Sporting goods, marijuana drive Steamboat tax revenue for December | SteamboatToday.com

Sporting goods, marijuana drive Steamboat tax revenue for December

Ski Haus employee Greg Jansen helps, from left, Alexis Aquirre, Ann Ghent and Meg Ryan with snowshoeing gear Tuesday afternoon. The sporting goods store has seen improved sales this winter compared to previous years. (Photo by Derek Maiolo)

STEAMBOAT SPRINGS — The city of Steamboat Springs' sales tax revenue for December 2018 rose more than $200,000 dollars compared to collections a year ago. Tax revenue from sporting goods and marijuana drove the uptick, and local businesses in those industries have noticed the improved sales.

"It's definitely been busier here than the last couple of years," said Ben Brodsky, general manager at Ski Haus.

Brodsky attributed the spike in sales last month to better snow conditions, the rollout of the IKON Pass and a healthier economy.

The city collected about $3.4 million in sales tax in December 2018, up 7.05 percent from the same month in 2017, according to the city’s sales, use and accommodation tax report. That eclipses a 1.3 percent increase in sales tax revenue between December of 2017 and the same month in 2016.

Sue Davies, the city's budget and tax manager, said December is usually the busiest month for Steamboat businesses. Like Brodsky, she believes that snow conditions this season have brought more tourists to town compared to last winter, contributing to more sales for local businesses.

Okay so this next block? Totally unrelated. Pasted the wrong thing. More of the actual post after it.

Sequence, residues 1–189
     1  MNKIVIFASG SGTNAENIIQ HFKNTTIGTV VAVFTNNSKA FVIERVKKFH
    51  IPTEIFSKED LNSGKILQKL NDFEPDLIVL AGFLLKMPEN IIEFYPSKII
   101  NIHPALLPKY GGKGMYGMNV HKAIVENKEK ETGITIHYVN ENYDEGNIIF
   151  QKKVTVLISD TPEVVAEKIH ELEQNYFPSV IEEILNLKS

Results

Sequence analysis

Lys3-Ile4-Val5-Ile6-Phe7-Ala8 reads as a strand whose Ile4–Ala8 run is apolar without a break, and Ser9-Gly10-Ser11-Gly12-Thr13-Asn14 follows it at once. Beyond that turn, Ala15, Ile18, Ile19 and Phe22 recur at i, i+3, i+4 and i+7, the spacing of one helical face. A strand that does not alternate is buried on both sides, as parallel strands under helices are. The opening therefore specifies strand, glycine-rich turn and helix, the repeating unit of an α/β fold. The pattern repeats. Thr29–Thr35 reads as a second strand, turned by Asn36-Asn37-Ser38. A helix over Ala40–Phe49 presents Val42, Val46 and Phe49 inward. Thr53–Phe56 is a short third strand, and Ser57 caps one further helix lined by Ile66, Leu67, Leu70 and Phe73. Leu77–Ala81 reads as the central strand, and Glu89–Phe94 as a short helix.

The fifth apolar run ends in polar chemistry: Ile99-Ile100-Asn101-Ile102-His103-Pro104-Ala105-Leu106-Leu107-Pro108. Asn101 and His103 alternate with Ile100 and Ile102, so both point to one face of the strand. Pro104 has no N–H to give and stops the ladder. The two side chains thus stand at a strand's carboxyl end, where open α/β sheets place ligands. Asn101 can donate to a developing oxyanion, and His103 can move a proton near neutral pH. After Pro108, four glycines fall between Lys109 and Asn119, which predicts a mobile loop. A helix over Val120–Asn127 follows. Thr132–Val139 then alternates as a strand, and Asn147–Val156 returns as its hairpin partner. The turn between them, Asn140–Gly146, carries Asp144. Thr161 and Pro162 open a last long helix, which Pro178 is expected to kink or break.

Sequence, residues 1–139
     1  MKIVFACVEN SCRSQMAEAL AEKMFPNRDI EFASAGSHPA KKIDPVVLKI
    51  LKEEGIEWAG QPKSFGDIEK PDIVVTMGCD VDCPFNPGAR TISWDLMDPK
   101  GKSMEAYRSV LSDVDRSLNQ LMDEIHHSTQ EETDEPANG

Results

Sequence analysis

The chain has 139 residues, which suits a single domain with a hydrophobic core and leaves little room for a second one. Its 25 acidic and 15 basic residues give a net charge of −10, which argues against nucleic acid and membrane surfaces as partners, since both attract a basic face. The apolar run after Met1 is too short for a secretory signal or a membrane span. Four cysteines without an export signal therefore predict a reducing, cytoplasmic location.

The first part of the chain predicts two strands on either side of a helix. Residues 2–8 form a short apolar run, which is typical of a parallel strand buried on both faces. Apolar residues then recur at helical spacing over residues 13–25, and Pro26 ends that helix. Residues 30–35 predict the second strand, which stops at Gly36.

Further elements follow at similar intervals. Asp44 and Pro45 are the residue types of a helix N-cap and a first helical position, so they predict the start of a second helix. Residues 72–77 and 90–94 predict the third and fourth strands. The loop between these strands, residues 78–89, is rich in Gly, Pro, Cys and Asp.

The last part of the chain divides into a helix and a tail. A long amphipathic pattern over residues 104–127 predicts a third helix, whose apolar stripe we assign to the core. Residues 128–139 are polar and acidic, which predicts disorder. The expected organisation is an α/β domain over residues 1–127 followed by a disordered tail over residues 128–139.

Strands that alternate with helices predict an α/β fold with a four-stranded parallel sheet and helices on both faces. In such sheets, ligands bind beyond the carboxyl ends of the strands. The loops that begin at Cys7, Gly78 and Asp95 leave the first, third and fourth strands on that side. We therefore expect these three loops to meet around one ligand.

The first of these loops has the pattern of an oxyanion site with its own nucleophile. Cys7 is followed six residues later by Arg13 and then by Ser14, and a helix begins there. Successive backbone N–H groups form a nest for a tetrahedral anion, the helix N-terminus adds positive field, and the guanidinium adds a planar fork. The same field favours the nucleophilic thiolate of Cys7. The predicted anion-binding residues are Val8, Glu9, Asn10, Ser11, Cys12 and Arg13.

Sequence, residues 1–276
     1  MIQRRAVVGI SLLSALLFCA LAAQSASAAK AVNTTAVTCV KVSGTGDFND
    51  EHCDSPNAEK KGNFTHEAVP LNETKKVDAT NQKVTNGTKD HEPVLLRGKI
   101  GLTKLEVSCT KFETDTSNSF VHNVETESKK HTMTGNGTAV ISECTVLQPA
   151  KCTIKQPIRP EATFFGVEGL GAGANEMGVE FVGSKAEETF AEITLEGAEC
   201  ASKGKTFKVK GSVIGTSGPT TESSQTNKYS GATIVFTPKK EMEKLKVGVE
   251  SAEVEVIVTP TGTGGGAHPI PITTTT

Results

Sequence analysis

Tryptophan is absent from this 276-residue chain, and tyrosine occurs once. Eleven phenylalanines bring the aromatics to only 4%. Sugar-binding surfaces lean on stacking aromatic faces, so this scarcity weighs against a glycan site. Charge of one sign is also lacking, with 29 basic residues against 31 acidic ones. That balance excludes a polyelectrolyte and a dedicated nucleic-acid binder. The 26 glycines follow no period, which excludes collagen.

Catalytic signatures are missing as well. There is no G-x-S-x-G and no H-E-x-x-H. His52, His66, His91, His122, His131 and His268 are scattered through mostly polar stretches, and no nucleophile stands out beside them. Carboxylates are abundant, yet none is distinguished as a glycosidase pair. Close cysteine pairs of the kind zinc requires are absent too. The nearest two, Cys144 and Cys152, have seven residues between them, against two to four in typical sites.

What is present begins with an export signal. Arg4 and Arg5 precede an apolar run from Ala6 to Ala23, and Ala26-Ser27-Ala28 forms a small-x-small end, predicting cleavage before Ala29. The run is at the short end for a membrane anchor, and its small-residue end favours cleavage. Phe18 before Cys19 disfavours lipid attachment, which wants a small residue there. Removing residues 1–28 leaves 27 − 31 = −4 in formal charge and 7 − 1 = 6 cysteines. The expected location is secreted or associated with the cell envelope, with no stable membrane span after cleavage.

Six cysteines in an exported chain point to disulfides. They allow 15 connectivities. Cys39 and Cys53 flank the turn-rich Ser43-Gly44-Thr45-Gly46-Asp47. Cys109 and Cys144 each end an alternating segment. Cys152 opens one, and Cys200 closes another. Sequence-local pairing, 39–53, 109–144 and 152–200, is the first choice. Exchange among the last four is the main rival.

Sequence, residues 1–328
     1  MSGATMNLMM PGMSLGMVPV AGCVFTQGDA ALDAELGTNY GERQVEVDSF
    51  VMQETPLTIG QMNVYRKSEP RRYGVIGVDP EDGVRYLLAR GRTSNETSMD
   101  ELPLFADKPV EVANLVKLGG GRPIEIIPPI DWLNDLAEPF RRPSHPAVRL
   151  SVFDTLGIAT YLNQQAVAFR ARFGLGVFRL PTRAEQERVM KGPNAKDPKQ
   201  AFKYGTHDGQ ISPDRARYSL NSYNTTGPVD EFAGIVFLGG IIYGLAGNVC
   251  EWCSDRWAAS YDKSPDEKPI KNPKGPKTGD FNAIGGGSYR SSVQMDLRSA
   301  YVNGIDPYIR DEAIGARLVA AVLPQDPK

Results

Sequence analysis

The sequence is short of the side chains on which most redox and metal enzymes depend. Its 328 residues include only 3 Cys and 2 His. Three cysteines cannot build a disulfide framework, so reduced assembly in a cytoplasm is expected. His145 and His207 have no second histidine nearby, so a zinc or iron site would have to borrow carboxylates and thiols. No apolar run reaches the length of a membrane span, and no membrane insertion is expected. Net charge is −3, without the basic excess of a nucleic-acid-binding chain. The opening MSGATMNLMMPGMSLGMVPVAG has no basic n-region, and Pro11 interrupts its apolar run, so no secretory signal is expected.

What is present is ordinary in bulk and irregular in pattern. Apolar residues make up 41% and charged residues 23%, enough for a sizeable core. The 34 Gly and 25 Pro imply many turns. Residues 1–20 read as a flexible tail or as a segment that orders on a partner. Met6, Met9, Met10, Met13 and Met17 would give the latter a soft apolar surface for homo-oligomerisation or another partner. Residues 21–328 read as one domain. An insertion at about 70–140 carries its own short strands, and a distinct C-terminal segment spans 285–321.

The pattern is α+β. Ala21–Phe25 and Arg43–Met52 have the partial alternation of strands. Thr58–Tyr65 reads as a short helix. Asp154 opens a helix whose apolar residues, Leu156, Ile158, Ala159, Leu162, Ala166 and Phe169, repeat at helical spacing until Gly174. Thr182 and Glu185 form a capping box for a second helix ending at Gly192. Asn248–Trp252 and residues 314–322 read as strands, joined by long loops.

"We had very little snow going into the holidays," she said of the 2016-17 winter season.

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Sales tax from sporting goods increased 14.26 percent in December 2018 compared to the same month in 2017, the largest categorical increase measured by the city.

The increase in sales shows the resilience of local stores as more shoppers are choosing to buy online, a phenomenon that has become known as the "Amazon effect." Decreased sales at certain brick-and-mortar stores across the country contributed to the bankruptcy of Sports Authority, which closed its Steamboat location in 2016. It was one of the city's largest sporting good stores.

Marijuana dispensaries in Steamboat also noticed a bump in sales in December. Sales tax revenue from cannabis rose 12 percent compared to the same month in 2017, the second-largest categorical increase behind sporting goods.

That increase did not surprise Kevin Fisher, co-owner of Rocky Mountain Remedies. He said his business has invested heavily in new marijuana technologies, such as the first cartridge-based vaporizer, to attract more customers.

That has helped Rocky Mountain Remedies grow a loyal customer base among locals, as well as draw out-of-towners to the dispensary.

"We continue to see strong sales," Fisher said.

Davies anticipates the increase in sales tax revenue to continue through January, which joins December as two of Steamboat's busier months.

To reach Derek Maiolo, call 970-871-4247, email dmaiolo@SteamboatPilot.com or follow him on Twitter @derek_maiolo

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